Nuclear, Reactors

Former senator says nuclear power could be pivotal to healthy economy


PALM BEACH, Fla., June 7, 2002 — Former Senator J. Bennett Johnston of Louisiana, citing uncertainties in U.S. natural gas production, told a gathering of nuclear power and electric utility chief executives that a healthy American economy is directly dependent upon a renewed commitment to nuclear power for electricity generation.

“The only realistic way for the United States economy to continue to prosper is to embrace more coal-fired plants and initiate a return to more nuclear plants,” Johnston said in the keynote address at an executive conference held by Framatome ANP, Inc. “I have been saying for years that a strong role for nuclear power is inevitable in our future. It looks like the future is closer than we thought.”

Johnston noted a recent report by Houston-based Simmons and Co. that natural gas production is expected to decline this year. If the forecast is correct, Johnston said, a drop in the natural gas supply could be difficult for the economy to contend with.

“The Simmons report indicates that a decline in natural gas supply of only one to three percent will be almost impossible to deal with in this country,” Johnston quoted from the report. “The biggest risk imbedded in a supply drop is that a new drilling boom might merely stabilize gas supply at the new lower level.”

On the other hand, he noted, there are no such fluctuations or uncertainties in the availability of nuclear power. Johnston said the nuclear power industry is poised to address the electricity demand needs of the next several decades. He pointed to the record-high capacity within the industry of more than 91 percent, record low production costs, early license renewal activity among a number of major utilities and pending Congressional approval to reauthorize the Price-Anderson Act, which limits the liability of nuclear- plant operators in the event of major accidents.

He also indicated he believed that later this summer, the Senate will follow the House of Representatives’ overwhelming 306-117 vote and approve Yucca Mountain in Nevada as a national repository for spent nuclear fuel in this country, an initiative the nuclear power industry has sought for decades.

His comments were made at Framatome ANP’s EFECT 2002 conference, which gives senior executives from the nuclear power and utilities industries an opportunity to candidly address current events. EFECT stands for “Executive Forum for Emerging Challenges and Trends.”

The conference, held every two years, was convened this year at The Breakers in Palm Beach. EFECT is considered globally as one of the top senior management retreats within the nuclear power industry. The EFECT 2002 meeting attracted more than 80 senior executives from throughout the United States and nine foreign countries.

In addition to Johnston, other top speakers at this year’s forum included former Senator George Mitchell; Oliver Kingsley, Senior Vice President of Exelon Corporation; and Stuart Varney, an economic analyst for CNBC.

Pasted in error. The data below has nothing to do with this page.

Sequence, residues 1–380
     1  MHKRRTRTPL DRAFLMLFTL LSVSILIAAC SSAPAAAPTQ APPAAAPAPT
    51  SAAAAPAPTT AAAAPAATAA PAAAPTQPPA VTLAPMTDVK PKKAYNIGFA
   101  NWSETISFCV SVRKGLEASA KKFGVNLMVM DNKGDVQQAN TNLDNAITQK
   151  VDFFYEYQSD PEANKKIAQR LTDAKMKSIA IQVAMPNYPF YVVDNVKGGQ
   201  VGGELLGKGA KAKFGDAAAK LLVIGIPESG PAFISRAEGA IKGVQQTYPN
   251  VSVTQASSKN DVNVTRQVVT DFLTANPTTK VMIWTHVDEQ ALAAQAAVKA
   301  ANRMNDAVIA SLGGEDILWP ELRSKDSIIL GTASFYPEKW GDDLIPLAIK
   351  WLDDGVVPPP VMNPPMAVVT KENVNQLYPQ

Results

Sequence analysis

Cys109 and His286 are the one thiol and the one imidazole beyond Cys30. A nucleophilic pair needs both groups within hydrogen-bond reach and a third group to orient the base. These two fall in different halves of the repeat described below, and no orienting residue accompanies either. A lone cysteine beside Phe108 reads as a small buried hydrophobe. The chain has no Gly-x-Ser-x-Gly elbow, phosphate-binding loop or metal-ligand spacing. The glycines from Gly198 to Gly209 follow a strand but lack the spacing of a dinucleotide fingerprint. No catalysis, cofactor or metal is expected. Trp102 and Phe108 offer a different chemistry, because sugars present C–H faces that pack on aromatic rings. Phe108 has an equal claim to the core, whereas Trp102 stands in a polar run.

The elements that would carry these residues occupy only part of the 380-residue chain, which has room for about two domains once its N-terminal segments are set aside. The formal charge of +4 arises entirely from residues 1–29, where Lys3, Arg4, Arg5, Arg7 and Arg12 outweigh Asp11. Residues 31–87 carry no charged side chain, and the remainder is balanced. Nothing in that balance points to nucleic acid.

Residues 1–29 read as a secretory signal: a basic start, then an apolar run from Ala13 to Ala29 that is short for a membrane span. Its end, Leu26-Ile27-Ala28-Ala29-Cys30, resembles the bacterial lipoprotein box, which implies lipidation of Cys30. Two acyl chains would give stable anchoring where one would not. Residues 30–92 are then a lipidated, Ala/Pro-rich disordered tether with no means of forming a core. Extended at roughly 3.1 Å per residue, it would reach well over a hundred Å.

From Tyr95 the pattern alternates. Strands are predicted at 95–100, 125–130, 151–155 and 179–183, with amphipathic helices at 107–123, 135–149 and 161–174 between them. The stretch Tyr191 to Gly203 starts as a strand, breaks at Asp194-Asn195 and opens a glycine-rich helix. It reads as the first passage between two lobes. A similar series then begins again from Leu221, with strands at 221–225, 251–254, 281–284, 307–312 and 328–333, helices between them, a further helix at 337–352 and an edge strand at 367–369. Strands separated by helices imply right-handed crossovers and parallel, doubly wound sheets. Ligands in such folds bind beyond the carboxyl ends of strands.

Johnston was introduced by Tom Christopher, President and CEO of Framatome ANP, Inc., who said in his welcoming address that the American nuclear industry has a unique challenge over the next 10 years. In 2001, the industry achieved a dramatic increase in efficiency to lead the world with a plant capacity level of more than 91 percent nationwide. The challenge will be to maintain high capacity levels while also upgrading and modernizing the country’s 103 nuclear plants over the next decade as they go through the license renewal process.

Christopher also introduced Vincent Maurel, president of Framatome ANP of France, who outlined to the conference how Framatome is uniquely positioned to become a “window on the world” for utilities seeking license extensions in this country. He said Framatome’s extensive experience with plants throughout the world can be used to help find solutions for American companies as they seek those license extensions.

Johnston served four terms in the U.S. Senate, including service as chairman of the Senate Committee on Energy and Natural Resources. He was the primary sponsor of the Nuclear Waste Policy of 1982, and he authored the Energy Policy Act of 1992 that contained the landmark nuclear licensing reform provisions. Since leaving the Senate in 1997, Johnston established a strategic government relations consulting firm in Washington that is involved in the electric power industry, international trade, nuclear energy, defense activities, science and emerging technologies.

Framatome ANP (Advanced Nuclear Power), an AREVA and Siemens company, is a nuclear supplier. Framatome ANP’s focus includes comprehensive engineering; instrumentation and control; nuclear services; heavy component manufacture; modernization; fuel assemblies for many reactor designs, including those designed by other vendors, and the development and construction of nuclear power plants and research reactors.

Framatome ANP is headquartered in Paris with principal subsidiaries in the U. S. and Germany.

AREVA holds a 66 percent share of Framatome ANP and Siemens retains 34 percent. Framatome ANP has a total global workforce of 14,000 people and posts annual revenues totaling about $2.5 billion.

For further information, visit: http://www.framatome-anp.com .

AREVA, a provider of nuclear energy and connectors, includes COGEMA, FRAMATOME ANP and FCI. The group has more than 50,000 employees and is located in 30 countries. For further information, visit http://www.arevagroup.com .